Blogpost written by Luis Carlos Solis, Asistencia Técnica   World Wetlands Day is celebrated on February 2 of each year, the date on which the Convention on Wetlands was adopted. Wetland is all those areas that remain flooded or at least, with soils saturated with water for long periods of time – thus, water defines its structure and ecological functions. Wetlands are vital for human survival. As one of the most productive ecosystems on the planet, they harbor a biological diversity and water sources on which countless species of plants...

Uncategorized / 03.01.2018

Blogpost by Luis Carlos Solis, Asistencia Técnica We are excited to present the results of the "First Junior Christmas Bird Count, Península de Osa 2017" in conjunction with the Natural Resources Foundation of Wisconsin, Fundación Neotrópica and 16 educational centers in the Osa. During this special day, participants saw a total of 93 different species and 595 individual birds! Throughout the event, school children learned about the importance of local and migratory birds and their habitat,  helping to create the next generation of guardians for Osa's natural heritage. The logo of...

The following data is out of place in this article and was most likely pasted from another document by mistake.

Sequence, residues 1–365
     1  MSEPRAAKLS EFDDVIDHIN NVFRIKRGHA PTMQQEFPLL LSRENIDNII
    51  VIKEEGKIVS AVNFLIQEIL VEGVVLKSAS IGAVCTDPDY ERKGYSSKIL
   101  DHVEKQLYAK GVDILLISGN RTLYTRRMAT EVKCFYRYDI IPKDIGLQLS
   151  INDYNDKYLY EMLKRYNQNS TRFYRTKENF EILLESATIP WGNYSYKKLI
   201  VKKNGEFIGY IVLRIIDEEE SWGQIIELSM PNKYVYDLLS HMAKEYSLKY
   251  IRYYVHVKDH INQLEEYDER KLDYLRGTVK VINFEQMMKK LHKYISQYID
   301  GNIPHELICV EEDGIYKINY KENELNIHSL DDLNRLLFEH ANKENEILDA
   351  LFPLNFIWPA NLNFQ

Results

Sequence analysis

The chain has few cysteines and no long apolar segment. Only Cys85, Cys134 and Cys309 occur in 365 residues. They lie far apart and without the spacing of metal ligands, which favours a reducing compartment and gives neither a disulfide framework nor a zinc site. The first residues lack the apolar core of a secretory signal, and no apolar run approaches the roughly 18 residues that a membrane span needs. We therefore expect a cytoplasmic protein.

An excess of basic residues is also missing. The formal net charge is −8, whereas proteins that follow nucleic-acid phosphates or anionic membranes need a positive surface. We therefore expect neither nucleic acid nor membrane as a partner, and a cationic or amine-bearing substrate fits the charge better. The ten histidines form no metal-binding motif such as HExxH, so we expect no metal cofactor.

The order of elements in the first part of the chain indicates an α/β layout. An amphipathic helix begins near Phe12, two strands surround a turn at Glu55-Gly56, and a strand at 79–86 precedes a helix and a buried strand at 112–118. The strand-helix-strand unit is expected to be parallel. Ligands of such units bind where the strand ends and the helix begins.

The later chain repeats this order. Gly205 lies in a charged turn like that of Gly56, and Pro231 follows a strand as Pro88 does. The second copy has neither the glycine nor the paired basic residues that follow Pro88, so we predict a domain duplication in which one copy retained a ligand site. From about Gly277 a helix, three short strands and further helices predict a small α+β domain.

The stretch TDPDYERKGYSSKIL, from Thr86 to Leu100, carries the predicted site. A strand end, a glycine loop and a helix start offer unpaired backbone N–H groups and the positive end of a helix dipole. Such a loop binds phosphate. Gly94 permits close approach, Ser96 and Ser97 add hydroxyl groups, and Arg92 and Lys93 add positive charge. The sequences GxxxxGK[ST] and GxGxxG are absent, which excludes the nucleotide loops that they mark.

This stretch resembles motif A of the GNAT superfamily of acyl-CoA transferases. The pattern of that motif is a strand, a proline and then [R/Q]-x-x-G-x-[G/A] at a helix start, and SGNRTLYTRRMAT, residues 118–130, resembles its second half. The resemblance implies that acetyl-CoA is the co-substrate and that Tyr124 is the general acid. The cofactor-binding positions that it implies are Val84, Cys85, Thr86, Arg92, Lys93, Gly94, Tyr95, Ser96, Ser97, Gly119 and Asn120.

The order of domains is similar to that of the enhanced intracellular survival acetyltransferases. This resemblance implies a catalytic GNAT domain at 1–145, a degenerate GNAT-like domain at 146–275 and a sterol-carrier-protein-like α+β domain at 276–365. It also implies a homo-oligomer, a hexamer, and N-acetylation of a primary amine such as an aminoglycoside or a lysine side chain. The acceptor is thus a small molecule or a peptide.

Uncategorized / 29.12.2017

Blogpost written by Hanae Garrison,  Volunteer 4:30 am - I rise before the sun has woken up and while the nocturnal organisms are still out. I shove some food into my body in preparation of the day ahead. Another volunteer and I are staying at the cabins near the farm, where Osa Conservation grows much of their fresh vegetables, fruits, medicinal plants, and cares for their animals, restoration plots, botanic garden and much more. 5:00 am - After gearing up with our head lamps and day packs, we head out...